The Billy Idol: Forever series of shows at Mandalay Bay’s House of Blues isn’t just the latest rock star residency in Vegas. It’s also the final chapter of Billy Idol’s most ambitious tour since his ’80s heyday, with guitarist Steve Stevens on board playing Sundance Kid to his Butch Cassidy. The prince of ’80s post-punk has been on the road since the October 2014 release of King & Queens of the Underground, his audio companion to autobiography Dancing with Myself, and judging from a high-profile appearance in February’s iHeart80s Party in the Forum in L.A., the adulation received on tour is only making him stronger.

The fact that Idol soldiers on at all—let alone while sporting a six-pack that enables him to perform shirtless at age 60—testifies to his status as a true rock ’n’ roll survivor. Idol was part of the original pack of Sex Pistols followers and one of many fans that started a band. Generation X outlived the initial blast of British punk, with spiky-haired Idol going against the grain by demonstrating reverence rather than contempt for ’60s rock and ’70s glam. His punk Elvis image earned the ire of Johnny Rotten while garnering the respect of Pistols guitarist Steve Jones, but although the band worked hard it couldn’t survive personnel changes. Idol headed to L.A. and his destiny.

A career-impacting trifecta made Idol a star: Manager Bill Aucoin was at the height of his influence after steering KISS through the ’70s, Stevens was a Michelangelo of the guitar whose sonic palette was a sophisticated complement to Idol’s raw vocals and lyrics, and MTV was ripe for a striking figure from the U.K. who could fit in heavy rotation. Idol was prepared for the harmonic convergence, having evolved his music since before Generation X dissolved. “You put the influences of dub reggae in with the speed of The Ramones with the technology of Donna Summer with the weirdness of Kraftwerk,” he told LA Weekly in a February 2015 feature. “What about if you put all of those musics together? And that’s what I really did.”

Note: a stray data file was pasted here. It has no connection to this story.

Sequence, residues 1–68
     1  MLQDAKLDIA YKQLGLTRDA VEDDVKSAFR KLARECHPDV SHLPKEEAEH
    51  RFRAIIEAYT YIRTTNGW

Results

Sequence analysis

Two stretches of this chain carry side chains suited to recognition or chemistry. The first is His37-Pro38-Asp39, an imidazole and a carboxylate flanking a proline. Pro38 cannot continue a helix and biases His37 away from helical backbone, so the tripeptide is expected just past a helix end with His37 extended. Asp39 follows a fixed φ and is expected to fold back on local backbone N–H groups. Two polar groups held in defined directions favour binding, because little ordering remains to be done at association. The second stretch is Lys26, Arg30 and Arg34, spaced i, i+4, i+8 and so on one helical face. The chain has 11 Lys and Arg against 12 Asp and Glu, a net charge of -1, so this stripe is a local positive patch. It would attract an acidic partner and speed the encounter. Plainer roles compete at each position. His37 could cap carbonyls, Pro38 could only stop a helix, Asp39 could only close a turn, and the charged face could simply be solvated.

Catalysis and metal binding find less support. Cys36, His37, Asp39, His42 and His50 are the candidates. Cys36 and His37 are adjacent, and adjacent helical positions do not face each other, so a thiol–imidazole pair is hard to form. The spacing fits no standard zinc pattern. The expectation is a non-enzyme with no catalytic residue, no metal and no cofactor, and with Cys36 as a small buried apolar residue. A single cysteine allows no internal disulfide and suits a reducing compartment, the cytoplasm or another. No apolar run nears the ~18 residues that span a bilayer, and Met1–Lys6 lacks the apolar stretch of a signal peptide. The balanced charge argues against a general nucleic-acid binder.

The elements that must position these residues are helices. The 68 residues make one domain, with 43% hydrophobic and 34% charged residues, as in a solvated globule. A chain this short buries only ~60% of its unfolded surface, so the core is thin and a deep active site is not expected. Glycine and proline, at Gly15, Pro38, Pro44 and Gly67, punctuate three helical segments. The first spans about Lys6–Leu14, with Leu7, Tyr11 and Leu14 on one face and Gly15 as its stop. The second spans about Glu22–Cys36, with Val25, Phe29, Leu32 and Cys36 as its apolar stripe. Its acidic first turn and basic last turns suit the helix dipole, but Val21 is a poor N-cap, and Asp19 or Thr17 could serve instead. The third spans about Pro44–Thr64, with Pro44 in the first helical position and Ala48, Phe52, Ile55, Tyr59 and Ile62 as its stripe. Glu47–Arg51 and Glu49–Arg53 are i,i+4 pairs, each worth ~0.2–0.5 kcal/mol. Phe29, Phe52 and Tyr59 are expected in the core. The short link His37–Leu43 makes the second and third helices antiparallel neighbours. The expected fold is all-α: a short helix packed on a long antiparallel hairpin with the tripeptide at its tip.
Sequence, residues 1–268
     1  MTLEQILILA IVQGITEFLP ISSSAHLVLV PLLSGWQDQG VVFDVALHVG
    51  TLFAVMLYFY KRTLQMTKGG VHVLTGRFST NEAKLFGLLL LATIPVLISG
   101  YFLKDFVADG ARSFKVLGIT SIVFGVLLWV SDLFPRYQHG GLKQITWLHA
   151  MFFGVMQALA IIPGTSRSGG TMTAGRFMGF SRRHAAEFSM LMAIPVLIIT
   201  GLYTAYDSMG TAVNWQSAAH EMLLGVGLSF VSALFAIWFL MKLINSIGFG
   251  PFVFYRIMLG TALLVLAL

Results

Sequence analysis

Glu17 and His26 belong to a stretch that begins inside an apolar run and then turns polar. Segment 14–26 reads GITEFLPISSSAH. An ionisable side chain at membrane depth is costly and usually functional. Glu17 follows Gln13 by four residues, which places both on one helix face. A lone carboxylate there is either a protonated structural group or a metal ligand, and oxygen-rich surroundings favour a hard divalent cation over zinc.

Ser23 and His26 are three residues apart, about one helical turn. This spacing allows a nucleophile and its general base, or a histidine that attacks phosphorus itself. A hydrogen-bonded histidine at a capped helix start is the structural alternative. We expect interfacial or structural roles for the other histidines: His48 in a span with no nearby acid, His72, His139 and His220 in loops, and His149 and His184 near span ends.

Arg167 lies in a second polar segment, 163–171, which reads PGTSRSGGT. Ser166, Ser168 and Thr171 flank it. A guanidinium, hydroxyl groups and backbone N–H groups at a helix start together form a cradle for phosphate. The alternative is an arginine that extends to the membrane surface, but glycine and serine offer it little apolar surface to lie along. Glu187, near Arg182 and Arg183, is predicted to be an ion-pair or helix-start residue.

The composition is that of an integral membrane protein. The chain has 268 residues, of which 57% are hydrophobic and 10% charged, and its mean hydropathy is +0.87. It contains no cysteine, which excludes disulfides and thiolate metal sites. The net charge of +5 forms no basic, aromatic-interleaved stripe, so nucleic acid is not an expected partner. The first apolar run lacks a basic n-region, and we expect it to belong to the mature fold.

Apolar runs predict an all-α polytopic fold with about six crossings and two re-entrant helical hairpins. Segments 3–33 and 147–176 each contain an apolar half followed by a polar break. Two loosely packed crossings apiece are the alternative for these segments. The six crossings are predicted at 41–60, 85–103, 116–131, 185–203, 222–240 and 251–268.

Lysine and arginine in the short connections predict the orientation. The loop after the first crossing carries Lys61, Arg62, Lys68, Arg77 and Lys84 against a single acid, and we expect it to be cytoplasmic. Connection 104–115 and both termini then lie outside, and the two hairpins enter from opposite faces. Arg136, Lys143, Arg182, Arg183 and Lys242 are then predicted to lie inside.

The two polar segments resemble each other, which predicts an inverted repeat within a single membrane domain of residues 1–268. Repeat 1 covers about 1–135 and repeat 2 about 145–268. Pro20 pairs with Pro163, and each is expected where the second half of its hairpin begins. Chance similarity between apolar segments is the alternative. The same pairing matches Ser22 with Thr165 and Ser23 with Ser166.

Idol became ubiquitous stateside through videos from his 1982 self-titled solo album such as “White Wedding” and “Dancing with Myself,” a Generation X song re-recorded with Jones on guitar. It would be the title track from his 1983’s Rebel Yell that turned him into a phenomenon. Charged by Stephens’ guitar pyrotechnics and stage presence, Idol elevated a song inspired by the brand of bourbon he drank with the Rolling Stones into a definitive anthem. His iconic fist-pumping became instantly recognizable, and follow-ups “Eyes Without a Face” and “Flesh for Fantasy” cemented Idol’s status, for all time, at the top of the ’80s pop star pantheon.

Whiplash Smile, the 1986 album that contained the hit “To Be a Lover” and set list mainstay “Sweet Sixteen,” continued Idol’s successful run, but that would come to a crashing end in 1990 when a motorcycle accident restricted Idol’s ability to perform. Tastes changed and Idol’s 1993 effort to stay ahead of them, Cyberpunk, misfired, but Idol preserved through an extended dance with drug abuse and eventually reaped the benefits of the nostalgia cycle’s 360-degree turn toward the ’80s. He was ready—with Stephens as his sidekick and a lifetime of stories to share in song and story form. “I don’t mean to be profound,” he sings to his fans on the title track to his last album. “But if I’m still around/We are still kings & queens/Of the underground.”